So when they started shooting in New York, we got together in a studio, Alejandro was there, and he”d say, “Imagine Riggan is in his dressing room, he gets up, opens the door, and starts walking down a long hallway and his mind is all over the place, he”s going crazy. Then he walks on stage.” I”ve improvised all my life, but I”ve never improvised to such specific imagery. I told him, “Why don”t you sit in front of me and we”ll think about the scene and when you see Riggan opening the door to the dressing room, raise your hand.” For timing. He”d have his eyes closed sitting in front of me, then he”d raise his hand every time Riggan would do something different. Every time I saw him do that, I”d change the vibe and intensity of what I was playing. We did 60 or 70 different tries of that for the film. Once the movie was pieced together, they put those demos on the movie and, from what I hear, they used demos for timing. The movie fed on the drums and the drums fed on the imagery.
Next: Tampering with drums and playing the impossible.
I imagine improvising as a reactive, instinctual process. Is it difficult to incorporate Alejandro's notes and stay spontaneous?
It”s not that hard. I”ve been improvising my whole life and I”ve been a sideman for a long time. It”s common that you do your thing and follow a million different directions. It”s a strange combination, but it can be done.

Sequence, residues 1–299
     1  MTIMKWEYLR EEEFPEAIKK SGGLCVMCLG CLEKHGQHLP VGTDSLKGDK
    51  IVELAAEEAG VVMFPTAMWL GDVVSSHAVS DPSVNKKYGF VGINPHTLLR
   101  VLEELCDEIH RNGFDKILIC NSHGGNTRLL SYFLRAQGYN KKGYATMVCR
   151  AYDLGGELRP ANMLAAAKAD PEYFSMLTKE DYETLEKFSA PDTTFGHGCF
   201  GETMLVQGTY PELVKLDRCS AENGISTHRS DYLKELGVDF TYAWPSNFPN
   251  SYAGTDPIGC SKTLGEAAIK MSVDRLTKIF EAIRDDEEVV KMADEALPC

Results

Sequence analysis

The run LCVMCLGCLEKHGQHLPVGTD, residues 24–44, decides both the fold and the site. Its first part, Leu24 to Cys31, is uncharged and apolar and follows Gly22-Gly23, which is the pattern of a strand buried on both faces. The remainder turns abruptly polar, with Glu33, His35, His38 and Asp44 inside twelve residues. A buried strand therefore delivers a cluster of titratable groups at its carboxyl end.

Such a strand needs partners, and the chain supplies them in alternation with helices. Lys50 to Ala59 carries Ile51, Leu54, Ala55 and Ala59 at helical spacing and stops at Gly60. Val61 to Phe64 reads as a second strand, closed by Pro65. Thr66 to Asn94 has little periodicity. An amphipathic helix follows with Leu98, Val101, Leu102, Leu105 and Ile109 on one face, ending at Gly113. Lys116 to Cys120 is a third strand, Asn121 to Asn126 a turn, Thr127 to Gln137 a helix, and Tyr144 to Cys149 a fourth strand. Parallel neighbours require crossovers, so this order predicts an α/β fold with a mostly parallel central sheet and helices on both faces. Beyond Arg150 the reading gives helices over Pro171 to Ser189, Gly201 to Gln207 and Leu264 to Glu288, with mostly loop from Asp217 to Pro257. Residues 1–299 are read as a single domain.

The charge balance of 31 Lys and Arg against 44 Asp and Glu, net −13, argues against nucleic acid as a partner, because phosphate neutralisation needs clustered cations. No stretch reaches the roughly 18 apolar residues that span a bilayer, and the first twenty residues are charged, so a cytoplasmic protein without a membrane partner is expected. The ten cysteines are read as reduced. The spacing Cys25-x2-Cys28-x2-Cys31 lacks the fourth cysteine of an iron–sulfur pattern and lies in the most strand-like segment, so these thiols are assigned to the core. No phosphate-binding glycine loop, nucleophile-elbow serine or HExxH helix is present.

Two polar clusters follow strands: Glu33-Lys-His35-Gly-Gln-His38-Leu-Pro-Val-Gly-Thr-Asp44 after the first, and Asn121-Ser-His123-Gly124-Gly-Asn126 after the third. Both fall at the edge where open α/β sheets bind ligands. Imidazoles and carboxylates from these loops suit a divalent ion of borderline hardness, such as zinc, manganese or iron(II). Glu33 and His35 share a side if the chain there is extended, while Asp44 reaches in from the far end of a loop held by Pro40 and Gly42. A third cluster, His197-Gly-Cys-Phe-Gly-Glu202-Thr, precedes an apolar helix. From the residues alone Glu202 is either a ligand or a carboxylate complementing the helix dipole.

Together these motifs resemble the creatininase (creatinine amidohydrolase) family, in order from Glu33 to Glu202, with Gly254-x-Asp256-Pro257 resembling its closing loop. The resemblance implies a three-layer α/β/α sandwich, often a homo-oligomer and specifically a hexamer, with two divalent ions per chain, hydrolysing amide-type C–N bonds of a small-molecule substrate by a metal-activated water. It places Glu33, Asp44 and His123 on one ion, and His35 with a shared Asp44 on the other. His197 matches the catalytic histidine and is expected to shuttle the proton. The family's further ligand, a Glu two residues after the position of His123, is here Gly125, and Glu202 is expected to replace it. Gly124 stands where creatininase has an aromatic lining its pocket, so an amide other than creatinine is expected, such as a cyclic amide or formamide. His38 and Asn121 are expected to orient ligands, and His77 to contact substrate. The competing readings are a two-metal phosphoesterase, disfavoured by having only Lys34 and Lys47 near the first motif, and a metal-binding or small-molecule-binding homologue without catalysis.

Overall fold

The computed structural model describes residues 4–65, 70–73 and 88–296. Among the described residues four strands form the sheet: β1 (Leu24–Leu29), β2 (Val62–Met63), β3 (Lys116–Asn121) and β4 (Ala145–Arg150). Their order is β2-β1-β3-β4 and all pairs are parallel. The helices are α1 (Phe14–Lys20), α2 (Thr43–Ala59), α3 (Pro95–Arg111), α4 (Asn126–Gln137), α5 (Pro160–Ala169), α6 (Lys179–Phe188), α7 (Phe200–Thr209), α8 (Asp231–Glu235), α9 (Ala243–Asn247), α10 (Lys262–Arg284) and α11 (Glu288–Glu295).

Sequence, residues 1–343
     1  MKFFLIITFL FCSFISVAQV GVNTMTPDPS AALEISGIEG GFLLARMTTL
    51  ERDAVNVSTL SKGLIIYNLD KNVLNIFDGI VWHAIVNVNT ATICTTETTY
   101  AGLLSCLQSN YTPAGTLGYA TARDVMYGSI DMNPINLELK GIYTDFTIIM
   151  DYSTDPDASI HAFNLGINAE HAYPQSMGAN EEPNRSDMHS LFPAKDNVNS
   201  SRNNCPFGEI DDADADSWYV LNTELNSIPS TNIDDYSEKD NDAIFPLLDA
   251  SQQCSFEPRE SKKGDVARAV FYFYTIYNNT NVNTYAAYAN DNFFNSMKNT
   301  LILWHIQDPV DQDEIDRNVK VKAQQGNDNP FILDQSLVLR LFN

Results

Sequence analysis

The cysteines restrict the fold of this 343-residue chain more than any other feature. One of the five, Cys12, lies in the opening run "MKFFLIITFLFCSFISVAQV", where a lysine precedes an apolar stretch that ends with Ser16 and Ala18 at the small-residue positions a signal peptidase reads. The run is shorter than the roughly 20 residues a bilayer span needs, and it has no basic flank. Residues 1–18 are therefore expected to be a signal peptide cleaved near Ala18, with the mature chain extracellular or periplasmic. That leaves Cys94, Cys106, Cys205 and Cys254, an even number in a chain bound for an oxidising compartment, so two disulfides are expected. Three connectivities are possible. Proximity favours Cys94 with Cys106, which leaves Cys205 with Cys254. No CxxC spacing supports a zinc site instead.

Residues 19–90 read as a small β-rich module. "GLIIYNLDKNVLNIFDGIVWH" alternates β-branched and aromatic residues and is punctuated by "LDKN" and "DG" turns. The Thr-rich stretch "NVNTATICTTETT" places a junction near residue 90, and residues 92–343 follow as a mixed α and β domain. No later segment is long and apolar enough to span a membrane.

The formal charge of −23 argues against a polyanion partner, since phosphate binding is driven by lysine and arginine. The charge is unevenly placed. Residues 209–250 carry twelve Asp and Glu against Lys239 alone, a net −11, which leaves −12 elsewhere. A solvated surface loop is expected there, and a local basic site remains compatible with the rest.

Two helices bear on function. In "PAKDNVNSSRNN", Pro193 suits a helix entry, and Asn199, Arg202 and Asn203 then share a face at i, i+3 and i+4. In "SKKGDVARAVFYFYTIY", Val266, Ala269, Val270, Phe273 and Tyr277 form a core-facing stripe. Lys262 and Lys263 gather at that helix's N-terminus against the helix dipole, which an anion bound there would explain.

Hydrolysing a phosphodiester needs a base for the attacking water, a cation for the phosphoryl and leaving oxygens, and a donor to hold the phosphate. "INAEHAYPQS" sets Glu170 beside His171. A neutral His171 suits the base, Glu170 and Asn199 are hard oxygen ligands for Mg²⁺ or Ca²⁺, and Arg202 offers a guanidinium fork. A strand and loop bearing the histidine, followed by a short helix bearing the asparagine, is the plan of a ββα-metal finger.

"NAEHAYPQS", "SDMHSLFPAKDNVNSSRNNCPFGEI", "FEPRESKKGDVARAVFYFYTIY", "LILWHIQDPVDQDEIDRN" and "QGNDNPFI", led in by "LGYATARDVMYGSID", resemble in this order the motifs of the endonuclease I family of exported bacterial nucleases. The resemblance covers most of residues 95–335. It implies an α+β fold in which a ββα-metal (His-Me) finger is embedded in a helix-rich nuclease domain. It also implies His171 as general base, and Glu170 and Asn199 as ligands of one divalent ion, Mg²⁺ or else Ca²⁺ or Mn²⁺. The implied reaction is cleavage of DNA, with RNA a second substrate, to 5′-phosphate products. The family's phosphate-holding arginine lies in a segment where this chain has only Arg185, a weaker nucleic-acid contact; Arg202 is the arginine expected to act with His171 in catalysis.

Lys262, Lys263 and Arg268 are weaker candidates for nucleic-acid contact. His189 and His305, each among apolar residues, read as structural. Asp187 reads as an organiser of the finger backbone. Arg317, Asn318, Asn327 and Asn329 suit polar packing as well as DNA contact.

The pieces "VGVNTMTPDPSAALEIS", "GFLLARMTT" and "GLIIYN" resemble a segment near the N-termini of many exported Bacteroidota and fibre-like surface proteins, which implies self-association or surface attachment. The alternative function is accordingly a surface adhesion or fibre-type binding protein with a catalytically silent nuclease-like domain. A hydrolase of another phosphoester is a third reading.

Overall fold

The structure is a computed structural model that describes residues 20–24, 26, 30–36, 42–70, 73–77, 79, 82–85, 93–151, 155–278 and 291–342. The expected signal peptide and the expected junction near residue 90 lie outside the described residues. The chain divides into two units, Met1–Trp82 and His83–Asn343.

Did you end up going on set?
I went a couple of times to get a vibe of the film. It”s one thing to read the script, it”s another to see what the actors do. I went a couple of days and saw Michael Keaton, Naomi Watts, and Ed Norton doing a few scenes. That gave me a much better idea of the color of the movie. Once the movie was pieced together and they placed my demos into the film, I went back to a studio and re-recorded the entire thing from beginning to end. Listening to what they did with my demos, but this time around, doing it live with the movie. I was watching the movie and improvising based on what was there. Sometimes Alejandro was very specific: “When Riggan says this word, stop. When he says this word, start faster.”
Still from “Birdman” / Sanchez playing on the “Birdman” set
What did you discover the second time around when watching picture that you didn”t crack the first time around?
Picture made a huge difference, but Alejandro”s directions were so on. Whenever I”d be watching one of the scenes we worked on before, where he was just explaining, I would see it and it was just as he had explained. He had never shot a scene, but he saw it in his mind with so much detail. But [picture] helped for the rhythm of the walks, hitting certain elements with the drums with the movements, stopping my playing when they”d do different things.
One thing we worked on was the sound of the actual drums. The first time the drums sounded really clean. Beautiful. The studio was really good and they were [microphoned] really well. They sounded too good for the movie. Because the movie happens in the bowels of this old theater on Broadway, Alejandro wanted something rickety and hasn”t been played for years. Dusty and rusty.